The Chinese Muslim community in Surabaya even has its own mosque
The Chinese New Year Gala Dinner
The 2008 Chinese New Year Gala Dinner in Surabaya was an impressive event. Thousands of people, mainly Indonesians of Chinese descent, packed into a beautifully decorated convention hall to enjoy a banquet and entertainment. Each item was introduced in Mandarin and Indonesian, and the mayor and the American and Chinese consuls-general were present to wish the revellers well.
Just a few years ago, public displays of Chinese culture were forbidden, and a celebration like this would have been unimaginable
Just a few years ago, public displays of Chinese culture were forbidden, and a celebration like this would have been unimaginable. But even in reformasi Indonesia, this was a Chinese New Year celebration with a difference. The Gala Dinner was hosted by the Chinese Muslim Association of Indonesia (PITI). An Islamic song or two featured alongside Chinese items. In a brief address, a leader of PITI wished everyone a happy Chinese New Year and thanked those who had donated to flood victims through the organisation. Later in the proceedings, another Chinese Muslim leader led a prayer for the few Muslims present before the singing and dancing extravaganza resumed.
New-found freedom for PITI
PITI was formed in Jakarta in 1961. Along with the rest of the Chinese Indonesian community, it experienced discrimination under the Suharto regime’s assimilationist policies from the late 1960s. In 1972 the organisation had to change its name so that it was seen to be ethnically neutral. Like other Chinese organisations, its activities were restricted. Lion and dragon dancing, for example, were definitely out of the question. In 1994, authorities detained and interrogated two of PITI’s leaders in Surabaya after the organisation published sections of the Qur’an in the original Arabic with translations in Indonesian and Mandarin, in defiance of the prohibition of the public use of Chinese characters.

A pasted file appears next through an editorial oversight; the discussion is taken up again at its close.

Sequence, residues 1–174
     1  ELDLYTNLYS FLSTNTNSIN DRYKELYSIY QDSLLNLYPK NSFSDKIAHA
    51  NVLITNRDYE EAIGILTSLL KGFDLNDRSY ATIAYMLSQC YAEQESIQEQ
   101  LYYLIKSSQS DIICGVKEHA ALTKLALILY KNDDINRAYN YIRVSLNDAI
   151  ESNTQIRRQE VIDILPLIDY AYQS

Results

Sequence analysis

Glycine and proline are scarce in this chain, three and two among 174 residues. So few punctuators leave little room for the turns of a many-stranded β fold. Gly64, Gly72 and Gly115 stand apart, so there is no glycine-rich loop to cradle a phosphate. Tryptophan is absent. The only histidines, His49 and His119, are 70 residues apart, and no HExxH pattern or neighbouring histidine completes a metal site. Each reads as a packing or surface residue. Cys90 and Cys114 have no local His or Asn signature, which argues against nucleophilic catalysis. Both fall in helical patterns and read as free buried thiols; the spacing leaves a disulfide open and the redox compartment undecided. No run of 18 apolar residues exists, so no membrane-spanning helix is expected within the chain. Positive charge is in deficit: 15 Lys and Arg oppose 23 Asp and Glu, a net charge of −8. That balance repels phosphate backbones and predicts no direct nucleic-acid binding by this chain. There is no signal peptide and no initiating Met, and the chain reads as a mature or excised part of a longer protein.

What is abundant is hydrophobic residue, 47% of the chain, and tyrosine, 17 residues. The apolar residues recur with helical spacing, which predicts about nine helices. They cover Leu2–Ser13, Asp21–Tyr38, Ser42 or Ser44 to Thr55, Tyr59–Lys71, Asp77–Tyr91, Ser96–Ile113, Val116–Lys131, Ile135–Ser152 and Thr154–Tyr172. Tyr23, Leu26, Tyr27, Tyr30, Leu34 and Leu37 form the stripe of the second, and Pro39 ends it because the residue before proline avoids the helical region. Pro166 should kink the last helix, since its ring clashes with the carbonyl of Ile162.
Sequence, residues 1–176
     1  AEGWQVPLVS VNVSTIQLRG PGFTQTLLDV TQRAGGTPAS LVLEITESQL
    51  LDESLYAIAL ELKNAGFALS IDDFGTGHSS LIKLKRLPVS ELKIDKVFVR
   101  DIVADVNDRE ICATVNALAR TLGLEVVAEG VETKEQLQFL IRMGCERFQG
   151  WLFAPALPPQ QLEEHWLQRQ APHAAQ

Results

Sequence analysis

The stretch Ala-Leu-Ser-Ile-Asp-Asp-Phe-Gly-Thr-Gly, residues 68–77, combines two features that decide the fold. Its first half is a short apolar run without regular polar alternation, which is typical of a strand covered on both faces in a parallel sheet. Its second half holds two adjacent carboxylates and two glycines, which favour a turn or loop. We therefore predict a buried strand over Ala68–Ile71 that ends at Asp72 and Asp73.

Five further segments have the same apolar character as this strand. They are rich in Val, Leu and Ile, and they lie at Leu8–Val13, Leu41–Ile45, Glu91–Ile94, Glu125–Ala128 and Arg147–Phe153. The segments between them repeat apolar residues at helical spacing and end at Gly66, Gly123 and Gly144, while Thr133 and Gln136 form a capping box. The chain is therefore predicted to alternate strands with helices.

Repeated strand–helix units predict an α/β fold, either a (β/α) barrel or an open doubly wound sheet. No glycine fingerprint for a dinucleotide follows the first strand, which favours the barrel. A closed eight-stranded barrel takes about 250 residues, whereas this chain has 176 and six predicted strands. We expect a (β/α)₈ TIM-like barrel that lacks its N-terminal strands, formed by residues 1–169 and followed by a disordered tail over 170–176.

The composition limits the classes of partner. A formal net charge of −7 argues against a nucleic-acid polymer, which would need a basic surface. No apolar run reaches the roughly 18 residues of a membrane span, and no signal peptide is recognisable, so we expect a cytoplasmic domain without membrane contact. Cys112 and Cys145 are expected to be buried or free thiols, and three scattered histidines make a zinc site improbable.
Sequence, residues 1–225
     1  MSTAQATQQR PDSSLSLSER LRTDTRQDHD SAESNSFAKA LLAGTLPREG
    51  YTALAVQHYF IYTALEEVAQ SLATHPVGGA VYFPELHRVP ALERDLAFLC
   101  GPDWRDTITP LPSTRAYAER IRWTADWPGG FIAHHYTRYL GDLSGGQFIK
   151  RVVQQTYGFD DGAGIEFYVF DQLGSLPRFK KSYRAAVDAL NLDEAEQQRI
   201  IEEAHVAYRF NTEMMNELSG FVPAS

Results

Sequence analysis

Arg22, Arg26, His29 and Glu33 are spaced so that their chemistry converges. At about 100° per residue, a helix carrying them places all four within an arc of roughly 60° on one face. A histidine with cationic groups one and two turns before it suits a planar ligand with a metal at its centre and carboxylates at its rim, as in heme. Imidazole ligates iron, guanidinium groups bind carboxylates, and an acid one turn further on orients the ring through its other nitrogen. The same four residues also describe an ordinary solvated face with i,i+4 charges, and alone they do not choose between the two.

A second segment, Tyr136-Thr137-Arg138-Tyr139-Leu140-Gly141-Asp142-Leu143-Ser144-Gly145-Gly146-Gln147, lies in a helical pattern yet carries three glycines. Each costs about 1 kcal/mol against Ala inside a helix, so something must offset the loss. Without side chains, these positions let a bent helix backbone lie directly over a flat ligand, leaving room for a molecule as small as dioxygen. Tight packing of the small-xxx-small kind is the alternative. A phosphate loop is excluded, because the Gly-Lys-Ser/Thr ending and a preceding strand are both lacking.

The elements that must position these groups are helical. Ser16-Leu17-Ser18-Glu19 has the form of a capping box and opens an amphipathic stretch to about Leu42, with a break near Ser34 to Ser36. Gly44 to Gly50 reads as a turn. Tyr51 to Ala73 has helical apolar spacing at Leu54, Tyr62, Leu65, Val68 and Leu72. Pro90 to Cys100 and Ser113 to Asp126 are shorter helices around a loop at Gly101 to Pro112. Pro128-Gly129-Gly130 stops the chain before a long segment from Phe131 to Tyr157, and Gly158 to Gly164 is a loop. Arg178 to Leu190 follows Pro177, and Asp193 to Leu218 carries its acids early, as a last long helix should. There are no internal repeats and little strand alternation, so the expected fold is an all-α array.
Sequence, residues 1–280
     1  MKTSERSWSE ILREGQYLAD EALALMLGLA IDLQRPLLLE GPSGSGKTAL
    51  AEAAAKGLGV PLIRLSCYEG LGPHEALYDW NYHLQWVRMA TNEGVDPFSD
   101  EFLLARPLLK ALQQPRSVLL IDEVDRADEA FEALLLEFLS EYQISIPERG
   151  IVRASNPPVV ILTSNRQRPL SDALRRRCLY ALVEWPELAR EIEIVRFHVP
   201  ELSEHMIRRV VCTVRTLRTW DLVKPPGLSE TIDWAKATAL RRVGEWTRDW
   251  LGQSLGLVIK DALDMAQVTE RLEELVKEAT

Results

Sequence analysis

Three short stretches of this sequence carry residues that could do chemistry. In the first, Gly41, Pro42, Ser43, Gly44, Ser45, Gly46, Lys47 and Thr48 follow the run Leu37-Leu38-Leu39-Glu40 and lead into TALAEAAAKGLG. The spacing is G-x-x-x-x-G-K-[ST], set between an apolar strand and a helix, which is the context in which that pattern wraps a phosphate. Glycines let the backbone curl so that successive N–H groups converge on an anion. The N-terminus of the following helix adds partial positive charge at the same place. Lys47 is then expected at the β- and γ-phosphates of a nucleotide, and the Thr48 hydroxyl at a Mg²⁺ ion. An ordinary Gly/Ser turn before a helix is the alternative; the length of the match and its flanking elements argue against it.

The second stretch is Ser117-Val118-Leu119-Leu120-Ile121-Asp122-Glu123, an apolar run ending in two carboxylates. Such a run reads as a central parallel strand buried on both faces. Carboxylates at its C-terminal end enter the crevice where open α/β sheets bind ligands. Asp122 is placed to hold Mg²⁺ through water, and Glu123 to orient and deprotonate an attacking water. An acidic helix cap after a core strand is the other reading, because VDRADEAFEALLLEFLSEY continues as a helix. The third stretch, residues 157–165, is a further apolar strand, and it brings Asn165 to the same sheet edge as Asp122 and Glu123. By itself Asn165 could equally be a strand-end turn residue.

Friday prayers at the Muhammad Cheng Ho mosque
In post-Suharto Indonesia, PITI is free to proclaim its message loud and clear – that ‘Chineseness’ is compatible with Islam and has its place in Indonesian society. PITI believes it is important for all to hear this message in order to break down barriers between Chinese Muslims and other Muslims in Indonesia, and to make the Muslim faith more accessible to non-Muslim Chinese. In fact, PITI is now thriving in Surabaya, where the national organisation’s most active branch can be found. These days, a new edition of the controversial 1994 Qur’an translation is available for enquirers and converts alike, and includes a guide for the performance of Muslim prayers. PITI people are proud to be Muslim, proud to be Chinese and proud to be Indonesian. They want to tell everyone about it. And now they can.
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